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Testing the boundaries of ActiveRecord

I am a huge fan of object-relational mapping. One of the most tedious problems for developers who use object-oriented languages is transforming query results into objects and generating insert and update statements to save objects. There are a number of ways to deal with this problem, but the easiest way to handle it is to use somebody else’s ORM tool. Ruby on Rails includes an ORM library called ActiveRecord. This morning I ran into a problem with ActiveRecord that turns out to be an application design problem. I thought I’d write it all up in case anyone else runs into a similar problem.

Let’s say I want to retrieve all of the “question” objects stored in a database. With ActiveRecord, I just make the following call:

Question.find(:all)

It generates this query:

SELECT * FROM questions

If I want to retrieve the most recent 10 questions, I can use the following call:

Question.find(:all, :order => “created_at DESC”, :limit => 10)

That’s converted to:

SELECT * FROM questions ORDER BY created_at DESC LIMIT 10

Questions have categories. If I want to pull up the categories for questions along with the questions themselves, I can add the include parameter:

Question.find(:all, :order => “questions.created_at DESC”, :limit => 10, :include => :categories)

Here’s where the ORM power comes through:

SELECT id FROM questions ORDER BY questions.created_at DESC LIMIT 10

SELECT questions.id AS t0_r0, questions.current AS t0_r1, questions.status AS t0_r2, questions.created_at AS t0_r3, questions.updated_at AS t0_r4, questions.categorized AS t0_r5, categories.id AS t1_r0, categories.name AS t1_r1, categories.default_keyword AS t1_r2, categories.community_id AS t1_r3, categories.created_at AS t1_r4, categories.updated_at AS t1_r5, categories.parent_id AS t1_r6 FROM questions LEFT OUTER JOIN categories_questions ON categories_questions.question_id = questions.id LEFT OUTER JOIN categories ON categories.id = categories_questions.category_id WHERE questions.id IN (‘4839’, ‘4838’, ‘4837’, ‘4836’, ‘4835’, ‘4834’, ‘4833’, ‘4832’, ‘4831’, ‘4830’) ORDER BY questions.created_at DESC

In this case, ActiveRecord actually generates two queries. The first grabs the IDs of the ten most recently created questions, then it plugs those into the second query. This is the only approach that will work, because if you plugged the limit into the second query, you’d get back 10 rows that may or may not comprise 10 questions (depending on how many categories each question has assigned to it). I discussed this problem back on April 26, 2005. As you can see, ActiveRecord uses the very approach I proposed back then.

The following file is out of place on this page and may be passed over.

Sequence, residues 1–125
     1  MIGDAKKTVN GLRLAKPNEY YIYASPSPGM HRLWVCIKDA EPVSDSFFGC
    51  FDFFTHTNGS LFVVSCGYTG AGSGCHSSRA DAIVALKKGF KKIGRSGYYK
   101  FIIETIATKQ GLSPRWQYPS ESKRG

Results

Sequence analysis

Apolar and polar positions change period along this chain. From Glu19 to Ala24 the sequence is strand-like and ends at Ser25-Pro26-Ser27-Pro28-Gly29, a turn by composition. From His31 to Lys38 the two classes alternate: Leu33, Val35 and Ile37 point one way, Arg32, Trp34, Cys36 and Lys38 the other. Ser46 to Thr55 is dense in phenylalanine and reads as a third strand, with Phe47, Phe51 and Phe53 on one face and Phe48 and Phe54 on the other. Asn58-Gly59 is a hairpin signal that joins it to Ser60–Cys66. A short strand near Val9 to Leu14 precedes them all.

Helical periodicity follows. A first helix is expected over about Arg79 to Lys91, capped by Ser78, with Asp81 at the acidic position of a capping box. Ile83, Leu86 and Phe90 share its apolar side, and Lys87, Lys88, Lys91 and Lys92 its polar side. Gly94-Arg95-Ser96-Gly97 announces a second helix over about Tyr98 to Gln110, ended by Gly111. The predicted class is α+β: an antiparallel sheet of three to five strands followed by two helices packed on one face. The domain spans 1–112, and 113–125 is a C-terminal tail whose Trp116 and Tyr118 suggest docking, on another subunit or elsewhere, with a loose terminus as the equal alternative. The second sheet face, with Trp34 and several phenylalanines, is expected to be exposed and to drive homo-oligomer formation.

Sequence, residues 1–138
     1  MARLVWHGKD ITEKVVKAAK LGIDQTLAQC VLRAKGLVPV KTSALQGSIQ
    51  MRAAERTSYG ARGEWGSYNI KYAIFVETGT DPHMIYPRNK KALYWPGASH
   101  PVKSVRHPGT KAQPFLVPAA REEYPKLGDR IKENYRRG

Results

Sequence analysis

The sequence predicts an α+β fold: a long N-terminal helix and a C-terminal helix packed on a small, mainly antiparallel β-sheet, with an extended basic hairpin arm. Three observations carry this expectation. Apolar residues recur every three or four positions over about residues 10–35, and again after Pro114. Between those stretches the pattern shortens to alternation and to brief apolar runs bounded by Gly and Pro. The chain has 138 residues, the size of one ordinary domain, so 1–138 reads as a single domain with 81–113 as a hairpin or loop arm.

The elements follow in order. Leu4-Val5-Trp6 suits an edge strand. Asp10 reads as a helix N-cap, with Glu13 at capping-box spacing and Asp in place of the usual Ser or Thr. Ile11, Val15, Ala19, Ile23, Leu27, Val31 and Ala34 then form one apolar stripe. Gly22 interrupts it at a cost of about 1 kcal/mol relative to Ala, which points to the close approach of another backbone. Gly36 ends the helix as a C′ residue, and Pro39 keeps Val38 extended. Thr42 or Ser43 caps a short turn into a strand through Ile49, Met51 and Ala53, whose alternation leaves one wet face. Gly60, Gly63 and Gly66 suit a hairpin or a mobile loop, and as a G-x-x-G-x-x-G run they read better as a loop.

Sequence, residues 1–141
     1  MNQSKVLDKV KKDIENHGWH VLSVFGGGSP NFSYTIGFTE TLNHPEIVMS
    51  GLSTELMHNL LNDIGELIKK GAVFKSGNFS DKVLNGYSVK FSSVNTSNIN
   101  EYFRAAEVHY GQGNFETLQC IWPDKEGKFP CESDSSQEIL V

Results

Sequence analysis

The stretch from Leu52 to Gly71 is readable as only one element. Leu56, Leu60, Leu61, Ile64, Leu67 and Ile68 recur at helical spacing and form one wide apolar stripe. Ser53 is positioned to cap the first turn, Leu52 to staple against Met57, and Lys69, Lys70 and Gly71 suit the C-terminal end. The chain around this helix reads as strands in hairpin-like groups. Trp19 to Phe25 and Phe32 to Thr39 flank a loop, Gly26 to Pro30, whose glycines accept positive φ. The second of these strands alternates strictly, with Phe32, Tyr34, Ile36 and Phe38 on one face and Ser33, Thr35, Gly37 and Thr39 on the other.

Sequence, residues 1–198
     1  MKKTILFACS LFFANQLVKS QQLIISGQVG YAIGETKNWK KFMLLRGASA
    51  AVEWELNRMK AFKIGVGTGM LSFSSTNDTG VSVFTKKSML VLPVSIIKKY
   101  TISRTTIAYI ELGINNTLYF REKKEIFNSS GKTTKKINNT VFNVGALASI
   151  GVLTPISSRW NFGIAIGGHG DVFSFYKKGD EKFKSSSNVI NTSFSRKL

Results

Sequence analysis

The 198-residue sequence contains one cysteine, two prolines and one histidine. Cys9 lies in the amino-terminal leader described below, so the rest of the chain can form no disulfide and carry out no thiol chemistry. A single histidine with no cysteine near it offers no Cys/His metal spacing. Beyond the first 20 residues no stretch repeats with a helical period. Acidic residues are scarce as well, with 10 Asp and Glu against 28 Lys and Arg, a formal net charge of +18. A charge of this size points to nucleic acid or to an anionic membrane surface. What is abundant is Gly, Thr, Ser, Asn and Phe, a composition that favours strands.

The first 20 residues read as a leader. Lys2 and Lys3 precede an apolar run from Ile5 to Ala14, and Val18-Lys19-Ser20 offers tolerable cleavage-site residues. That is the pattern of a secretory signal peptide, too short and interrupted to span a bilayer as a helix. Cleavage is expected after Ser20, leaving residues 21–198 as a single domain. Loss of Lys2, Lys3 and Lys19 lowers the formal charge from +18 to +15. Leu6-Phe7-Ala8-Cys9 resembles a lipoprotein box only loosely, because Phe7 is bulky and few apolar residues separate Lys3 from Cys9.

This is all great, except that I find myself running into one more problem. Let’s say I want to retrieve the most recent 10 questions in a particular category. I can add conditions to my query, like this:

Question.find(:all, :order => “questions.created_at DESC”, :include => :categories, :conditions => ‘category_id is null’)

This yields the following query:

SELECT questions.id AS t0_r0, questions.current AS t0_r1, questions.status AS t0_r2, questions.created_at AS t0_r3, questions.updated_at AS t0_r4, questions.categorized AS t0_r5, categories.id AS t1_r0, categories.name AS t1_r1, categories.default_keyword AS t1_r2, categories.community_id AS t1_r3, categories.created_at AS t1_r4, categories.updated_at AS t1_r5, categories.parent_id AS t1_r6 FROM questions LEFT OUTER JOIN categories_questions ON categories_questions.question_id = questions.id LEFT OUTER JOIN categories ON categories.id = categories_questions.category_id WHERE (category_id is null) ORDER BY questions.created_at DESC

Note that I’ve left out the limit parameter here. The reason I did so is that it doesn’t work. When you use limit, include, and conditions together in one call to find, ActiveRecord wants to apply the conditions to the initial query that retrieves the list of IDs, and in this case, the conditions apply not to the questions table but rather to the categories table. It’s not included in the initial query that retrieves the IDs, so an error is thrown. Here’s the broken query generated by such a call:

SELECT id FROM questions WHERE (category_id is null) ORDER BY questions.created_at DESC LIMIT 10

Bottom line: there’s no elegant way to retrieve the last 10 questions that aren’t assigned to any categories. If I wanted, I could retrieve all of the questions with no categories and then pull the first 10 out of the collection, but that’s a dangerous approach if the data set is large. Failing that, the only approach is guessing. For example, I could stick an arbitrary date in the conditions to limit the result set and then pull the first 10 questions from that set. However, if less than 10 questions have been created since that date, I’ll wind up with fewer than 10 questions in my result set. If the count were important to me, I could then just push the date further back incrementally and run the query again until I got 10 records, but that’s messy.

It’s probably better to just change the application to present questions from the past week rather than the past 10 questions. Anyone have any better ideas?

1 Comment

  1. Hmm. find_by_sql will let you write you own query, won’t it?

    My other thought was to use a Stored Proc and call it, but that would be the same thing, just moving the logic to the DB.

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